Written by: Toni Foot
Art therapy is a way to express difficult thoughts, memories and emotions without having to use words. Art therapy and depression can work well as an alternative treatment to try. Art therapists can use music, drama, voice, dance or art to enable someone to work through their difficulties in way that bypasses the need to put their thoughts into language.
Art therapy can be used to help with depression
For people suffering from mental disorders such as depression or anxiety, verbalising their thoughts can be incredibly difficult; partly because they often have negative feelings about themselves and therefore feel that what they have to say isn’t valuable and partly because they sometimes simply don’t know what makes them feel the way they do.
Feelings of disassociation (being disconnected with reality) are common in those with depression, which can make identifying the cause of their thoughts and feelings challenging for both the individual and the therapist. Similarly, someone with depression may feel overwhelmed by their emotions, almost as if they are one big knot of confused issues. These feelings can lead the person to withdraw from others (including therapists) or to feel like they physically cannot say how they feel. Arts therapy can really help people who feel like this because the therapists can encourage the person to express emotions without words. The pieces created can give the therapist an ‘inside view’ of how the person sees themselves and the world around them. This can provide a ‘map’ of the issues that need to be discussed in talking therapy, or explored in more detail through further artistic expression.
How does it work?
Each art form can allow expression in different ways. Music therapy encourages expression without language (although depending on the individual needs of the patient this may be offered alongside talking therapy). No previous knowledge is needed to benefit from music therapy as it usually involves instruments that can produce a pleasing sound with very little experience (such as wood blocks, simple harps, xylophones or drums). You may be asked to participate in pre-prepared pieces of music or improvisation (creating music ‘on the spot’).
Drama therapy can encourage expression through dealing with real or imagined experiences. Acting out an event can help a person to see it differently, or to express their view of a situation that may not have been obvious to others. Dance and movement therapy can help therapists to identify emotions that the patient may not even know they feel. Emotions are often expressed through physical stance and movement (for example, someone who feels that they are insignificant or worthless may attempt to make themselves small or hunched).
Voice therapy can be particularly effective for people who feel they are physically unable to talk about their feelings. Using different types of noises, shouts, whispers and cries in conjunction with massage and vocal exercises can encourage someone to use their voice in new ways and therefore feel more able to speak where they have previously found this difficult. Breathing techniques are also used to help open the airways and relieve blockages (whether these come from physical or emotional causes).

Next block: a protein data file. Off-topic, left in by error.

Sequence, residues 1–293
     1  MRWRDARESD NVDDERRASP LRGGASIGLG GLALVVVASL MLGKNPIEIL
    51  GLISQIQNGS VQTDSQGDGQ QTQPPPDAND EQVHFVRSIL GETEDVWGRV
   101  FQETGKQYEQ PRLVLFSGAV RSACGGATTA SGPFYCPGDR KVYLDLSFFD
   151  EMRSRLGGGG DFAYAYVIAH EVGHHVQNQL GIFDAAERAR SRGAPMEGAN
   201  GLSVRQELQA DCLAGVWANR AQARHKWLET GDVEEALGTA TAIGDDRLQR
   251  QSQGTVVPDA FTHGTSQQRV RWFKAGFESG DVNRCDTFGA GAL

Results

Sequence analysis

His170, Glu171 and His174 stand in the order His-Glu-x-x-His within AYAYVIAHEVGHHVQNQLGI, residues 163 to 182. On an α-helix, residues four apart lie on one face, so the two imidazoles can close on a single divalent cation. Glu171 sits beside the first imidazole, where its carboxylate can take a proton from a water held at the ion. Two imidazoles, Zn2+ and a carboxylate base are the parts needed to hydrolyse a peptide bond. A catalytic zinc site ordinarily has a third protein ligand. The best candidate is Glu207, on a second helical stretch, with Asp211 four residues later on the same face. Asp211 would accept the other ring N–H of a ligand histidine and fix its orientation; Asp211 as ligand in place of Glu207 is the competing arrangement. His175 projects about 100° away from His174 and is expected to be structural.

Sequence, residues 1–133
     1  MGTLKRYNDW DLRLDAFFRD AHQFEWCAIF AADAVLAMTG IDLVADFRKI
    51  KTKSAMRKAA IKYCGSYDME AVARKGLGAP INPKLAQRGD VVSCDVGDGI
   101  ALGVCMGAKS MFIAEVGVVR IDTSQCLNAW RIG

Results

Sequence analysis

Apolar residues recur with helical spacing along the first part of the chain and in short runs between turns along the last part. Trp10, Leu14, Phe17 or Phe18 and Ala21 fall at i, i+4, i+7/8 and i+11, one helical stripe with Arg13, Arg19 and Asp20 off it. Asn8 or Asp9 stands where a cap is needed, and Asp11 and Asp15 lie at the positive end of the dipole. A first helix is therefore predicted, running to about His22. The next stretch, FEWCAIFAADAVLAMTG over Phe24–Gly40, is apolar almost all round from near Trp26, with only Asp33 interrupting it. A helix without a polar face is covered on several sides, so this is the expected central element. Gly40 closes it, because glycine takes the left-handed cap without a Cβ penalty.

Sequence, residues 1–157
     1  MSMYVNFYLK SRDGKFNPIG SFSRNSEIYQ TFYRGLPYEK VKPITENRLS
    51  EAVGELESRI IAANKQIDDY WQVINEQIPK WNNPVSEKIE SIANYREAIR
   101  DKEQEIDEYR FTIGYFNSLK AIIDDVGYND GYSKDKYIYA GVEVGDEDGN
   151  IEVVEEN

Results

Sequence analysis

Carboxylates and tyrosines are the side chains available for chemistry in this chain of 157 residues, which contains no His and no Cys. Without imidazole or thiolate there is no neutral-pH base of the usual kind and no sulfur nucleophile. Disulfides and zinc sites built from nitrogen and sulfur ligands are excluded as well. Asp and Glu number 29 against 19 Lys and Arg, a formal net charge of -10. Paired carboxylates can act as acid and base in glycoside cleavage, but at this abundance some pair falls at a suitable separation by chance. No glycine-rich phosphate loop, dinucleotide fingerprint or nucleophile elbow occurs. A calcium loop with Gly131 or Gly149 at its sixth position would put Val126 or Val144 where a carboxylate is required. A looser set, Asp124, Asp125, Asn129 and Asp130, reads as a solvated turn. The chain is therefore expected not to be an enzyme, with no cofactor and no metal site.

Art therapies using clay or malleable mediums can provide ways to express feelings that change whilst collages using found or natural items can help to reconnect with reality. Taking photographs can help to identify what the person is inclined to notice in their daily experiences.
How do I find out more?
In some areas arts therapists are part of the local NHS team. This means that a GP can refer patients to appropriate therapists. Although this is not available in all NHS trusts, it is definitely worth speaking to your GP if you think arts therapy could help you. Even if they cannot refer you directly, they may be able to suggest where you could look for more help and information. Arts therapy is frequently used as part of psychiatric units as a method of helping severely affected individuals to express their feelings when they are unable to do so through talking therapies.
Alternatively, you can access arts therapy through private organisations (although this can be costly at times). Arts therapists are required to register with the Health and Care Professions Council (HCPC) and to follow the same professional guidelines as other therapists. If you wish to check if your therapist is registered you can use the HCPC website. Therapists may also choose to register with the appropriate association for their particular art form. These associations can provide information about the art form and lists of registered therapists to help you locate someone appropriate to your needs.
Health and Care Professions Council: www.hpc-uk.org
Association for Dance Movement Psychotherapy UK (ADMP UK): www.admt.org.uk
British Association of Art Therapists (BAAT): www.baat.org
British Association of Drama Therapists (BADth): www.badth.org.uk
British Association for Music Therapy (BAMT): www.bamt.org
International Association for Voice Movement Therapy: www.iavmt.org